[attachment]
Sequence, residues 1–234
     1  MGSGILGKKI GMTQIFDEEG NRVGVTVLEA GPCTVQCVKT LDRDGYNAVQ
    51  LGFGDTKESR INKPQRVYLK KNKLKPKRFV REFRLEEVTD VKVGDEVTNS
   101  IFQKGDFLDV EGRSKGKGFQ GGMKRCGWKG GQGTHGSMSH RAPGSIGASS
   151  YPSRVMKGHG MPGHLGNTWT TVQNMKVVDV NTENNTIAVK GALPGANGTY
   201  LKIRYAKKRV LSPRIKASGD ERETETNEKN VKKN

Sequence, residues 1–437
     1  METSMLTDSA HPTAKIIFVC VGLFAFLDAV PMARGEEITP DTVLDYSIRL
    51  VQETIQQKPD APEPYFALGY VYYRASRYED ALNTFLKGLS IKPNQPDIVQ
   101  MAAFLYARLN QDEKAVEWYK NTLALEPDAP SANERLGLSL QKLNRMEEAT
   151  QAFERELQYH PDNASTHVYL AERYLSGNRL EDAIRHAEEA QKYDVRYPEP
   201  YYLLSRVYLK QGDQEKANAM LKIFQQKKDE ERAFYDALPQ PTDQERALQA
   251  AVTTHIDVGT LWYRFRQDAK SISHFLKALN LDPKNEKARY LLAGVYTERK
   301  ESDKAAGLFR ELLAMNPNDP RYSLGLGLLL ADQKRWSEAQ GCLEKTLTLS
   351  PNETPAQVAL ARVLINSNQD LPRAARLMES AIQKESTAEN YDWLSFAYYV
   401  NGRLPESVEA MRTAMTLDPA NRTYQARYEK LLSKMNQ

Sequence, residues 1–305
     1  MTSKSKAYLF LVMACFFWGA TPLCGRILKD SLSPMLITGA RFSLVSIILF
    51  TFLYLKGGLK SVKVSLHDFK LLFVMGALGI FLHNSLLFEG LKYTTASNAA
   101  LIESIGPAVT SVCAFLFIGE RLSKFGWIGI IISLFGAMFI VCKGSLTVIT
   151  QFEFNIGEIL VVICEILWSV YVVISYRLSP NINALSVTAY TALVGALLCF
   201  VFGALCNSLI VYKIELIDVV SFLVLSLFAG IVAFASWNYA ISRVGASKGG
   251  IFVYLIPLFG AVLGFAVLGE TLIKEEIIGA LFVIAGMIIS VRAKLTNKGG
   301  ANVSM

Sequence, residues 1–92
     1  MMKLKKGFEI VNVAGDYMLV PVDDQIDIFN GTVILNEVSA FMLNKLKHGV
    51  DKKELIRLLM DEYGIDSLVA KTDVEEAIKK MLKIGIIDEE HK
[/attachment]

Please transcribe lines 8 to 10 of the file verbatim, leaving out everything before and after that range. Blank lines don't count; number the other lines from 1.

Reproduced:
     1  METSMLTDSA HPTAKIIFVC VGLFAFLDAV PMARGEEITP DTVLDYSIRL
    51  VQETIQQKPD APEPYFALGY VYYRASRYED ALNTFLKGLS IKPNQPDIVQ
   101  MAAFLYARLN QDEKAVEWYK NTLALEPDAP SANERLGLSL QKLNRMEEAT